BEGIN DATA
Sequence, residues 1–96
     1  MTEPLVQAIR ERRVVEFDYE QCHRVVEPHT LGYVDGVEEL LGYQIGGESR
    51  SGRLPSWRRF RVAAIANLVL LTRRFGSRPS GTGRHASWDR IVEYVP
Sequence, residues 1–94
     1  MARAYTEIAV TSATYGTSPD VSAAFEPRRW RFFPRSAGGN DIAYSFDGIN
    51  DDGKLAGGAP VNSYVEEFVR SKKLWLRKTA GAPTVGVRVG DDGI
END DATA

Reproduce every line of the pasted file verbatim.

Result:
Sequence, residues 1–96
     1  MTEPLVQAIR ERRVVEFDYE QCHRVVEPHT LGYVDGVEEL LGYQIGGESR
    51  SGRLPSWRRF RVAAIANLVL LTRRFGSRPS GTGRHASWDR IVEYVP
Sequence, residues 1–94
     1  MARAYTEIAV TSATYGTSPD VSAAFEPRRW RFFPRSAGGN DIAYSFDGIN
    51  DDGKLAGGAP VNSYVEEFVR SKKLWLRKTA GAPTVGVRVG DDGI